Wait, this is real golf 

When I was a young kid. We were at a family picnic when my friend’s parents asked if we wanted to play golf. I was all in for mini-golf! When they dropped us off, it was at a real, legit golf course. Rented clubs, strapped them to my back, and we were off to the races. I was instantly hooked! — Oh Frey, via Facebook’s page 

“I was like, ‘Imma show you.’”

Mine was at MacDill Air Force Base around 2004. First time on a course and sponsored by Robert W Turk. I think I shot maybe 142 but got hooked when I shot an 11 on one hole and got laughed at — I was like, ‘Imma show you.’ Seventeen years later, I’ve beaten par multiple times and carded a 69 once. Thanks, Turk. LOL. — Cranston Harris, via’s Facebook page 

The moment feels like yesterday — even some 60 years later  

My introduction to golf occurred at Overton Park Golf Course in Memphis in 1960. (I was 11 years old.) I was taken by one of my dad’s best friends and his oldest son, who was a year younger than me. A cutdown bag of clubs was provided. My opening tee shot honestly surprised me. It probably went about 80 yards and straight. I don’t remember a lot about other shots, but I remember feeling good about myself — I shot a nine-hole score of 60.

I was a short and small kid. I was almost always the last pick in playground games at school. My value in sports up until then had been decided by other boys and/or coaches. Golf freed me to compete on my own terms. I knew that day that I would play golf the rest of my life — and I have. Still loving the game and the diverse people I have met over the decades. — Kent Owen, via email 

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That balata bounce 

My mother was an avid golfer. One day, I found her golf bag in a closet and took out a golf ball. I raised it up, let it go, and it bounced so high I couldn’t believe it. The smell of the balata really appealed to me. I went on to win three club championships, but my love of golf started with that first bounce. — Hunter Thomas, via email 

We have lift-off 

First time I got the ball off the ground I was hooked. I was in my 40s. Still hitting it at 80. Not always off the ground, but usually straight. Love this game. — Carolyn Barlett, via’s Facebook page 

My own hole 

Moving next to the 15th hole at Green Hills CC as a 6-year-old. — Bruce Effisimo, via’s Facebook page 

The flushed 4 

Friend of mine took me to play. I had an old set of Wilsons and never really took it seriously. First hole, par-5, and I flushed my 4-iron from the fairway to get on the green in two. That feeling hooked me. Been chasing it ever since. Glenn Begg, via’s Facebook page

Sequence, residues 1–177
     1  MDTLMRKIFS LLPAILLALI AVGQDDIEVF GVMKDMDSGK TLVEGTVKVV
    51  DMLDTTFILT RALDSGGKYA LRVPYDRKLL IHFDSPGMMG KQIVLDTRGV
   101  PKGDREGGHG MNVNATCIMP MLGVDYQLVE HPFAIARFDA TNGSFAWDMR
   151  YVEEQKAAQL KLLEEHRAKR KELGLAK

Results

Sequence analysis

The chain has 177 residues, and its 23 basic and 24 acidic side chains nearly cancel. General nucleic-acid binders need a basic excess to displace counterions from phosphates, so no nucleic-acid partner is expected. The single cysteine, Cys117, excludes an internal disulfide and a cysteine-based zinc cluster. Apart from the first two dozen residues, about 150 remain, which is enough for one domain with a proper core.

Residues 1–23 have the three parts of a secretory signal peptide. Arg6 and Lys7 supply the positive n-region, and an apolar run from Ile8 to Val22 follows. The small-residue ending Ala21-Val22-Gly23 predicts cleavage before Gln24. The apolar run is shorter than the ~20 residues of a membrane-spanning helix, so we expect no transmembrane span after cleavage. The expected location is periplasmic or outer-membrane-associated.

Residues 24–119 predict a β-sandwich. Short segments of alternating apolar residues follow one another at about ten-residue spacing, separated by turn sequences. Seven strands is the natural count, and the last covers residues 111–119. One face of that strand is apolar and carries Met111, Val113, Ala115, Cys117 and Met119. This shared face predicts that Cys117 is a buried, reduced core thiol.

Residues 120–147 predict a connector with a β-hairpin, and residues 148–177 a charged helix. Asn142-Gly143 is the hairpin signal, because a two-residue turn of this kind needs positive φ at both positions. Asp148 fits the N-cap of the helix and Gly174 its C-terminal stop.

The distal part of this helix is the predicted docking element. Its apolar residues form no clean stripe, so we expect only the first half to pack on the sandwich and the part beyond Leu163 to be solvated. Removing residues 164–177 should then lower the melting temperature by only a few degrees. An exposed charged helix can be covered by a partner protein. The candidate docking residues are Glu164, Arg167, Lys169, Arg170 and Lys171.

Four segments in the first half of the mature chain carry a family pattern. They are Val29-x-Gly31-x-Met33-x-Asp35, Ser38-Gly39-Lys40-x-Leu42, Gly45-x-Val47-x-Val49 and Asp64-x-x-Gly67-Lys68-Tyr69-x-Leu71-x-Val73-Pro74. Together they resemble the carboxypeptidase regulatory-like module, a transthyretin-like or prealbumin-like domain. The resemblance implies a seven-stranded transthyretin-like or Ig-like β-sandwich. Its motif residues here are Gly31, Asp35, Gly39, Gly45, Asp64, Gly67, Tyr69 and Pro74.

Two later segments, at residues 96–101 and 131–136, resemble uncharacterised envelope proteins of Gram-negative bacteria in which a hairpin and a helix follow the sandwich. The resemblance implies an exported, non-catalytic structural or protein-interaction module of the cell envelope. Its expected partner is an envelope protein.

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The flushed 7

First time I pured a 7, I was hooked. — Dan Rosenbach, via’s Facebook page 

‘Things just fell into place’

I started playing golf more regularly when I was in my mid-20s, with some guys from work. We played nine holes after work at least once a week, and I had improved to a bogey golfer. One day, things just fell into place and I shot even par on nine holes. I was definitely hooked after that. — Wade Stinson, via’s Facebook page  

‘Golf is my friend’ 

I grew up with few neighbors in a Rochester, N.Y., suburb, but luckily there was a golf course nearby. Durand Eastman Park Golf Course was not too special — it had lots of dirt tees and was certainly unmanicured — but it was close to home and affordable. I started out as a 9-year-old walking the narrow ditch and in the dense woods looking for golf balls, and then at about 11, I started playing rounds. I never had a specific ‘falling-for-golf’ moment because it was always part of my life. I played junior golf, high school golf and college golf, and I played through jobs and marriage and a child, and golf was always there for me, year after year.

I never really thought about this much until I read a quote from Mark O’Meara in which he said that golf is his friend. This really made me realize that golf is my friend, too, to think about (especially how to putt better), to read about (ditto), to practice (no need asking golf to go chip with me; it’s all ready to go) and to help me get off the couch and get outdoors. For 60-plus years, golf has always been there to entertain me and keep me company. I know I would not have had such a rich and interesting life without it. — Tom Gillette, via email 

Thanks, Tiger

Thanks again, Tiger 

Watching Tiger win his third amateur championship. An amazing, come-from-behind victory. — Stephen Holland, via’s Facebook page 

Thanks, Tiger and Rocco 

Tiger vs Rocco — Daniel Liebman, via’s Facebook page 

Thanks, Captain America 

I’ve loved golf from a young age. Played fairly regularly from 8 to 18. The moment was being on the eighth green of the Ryder Cup. The finger wag and putt of Patrick Reed. I was so ready to go swing. Still carry that drive with me. The roar was deafening. — Ian Rose, via’s Facebook page 

Thanks, Jack 

Jack Nicklaus ’86 Masters. Amazing back nine that lit my fire. — Steve Parks, via’s Facebook page 

Thanks, Lee 

Lee Trevino’s chip on 17 at the ’72 Open Championship. — Bob Neal, via’s Facebook page 

Thanks, Lee, Jack, Tom and Chi-Chi 

Trevino, Jack, Tom, Chi-Chi  — David Ervin, via’s Facebook page 

Thanks, John 

John Daly in 1991, the wild thing. You, Colm Burke? — Sean Bohan, via’s Facebook page 

Thanks, Seve 

Sean Bohan, this story. — Colm Burke, via’s Facebook page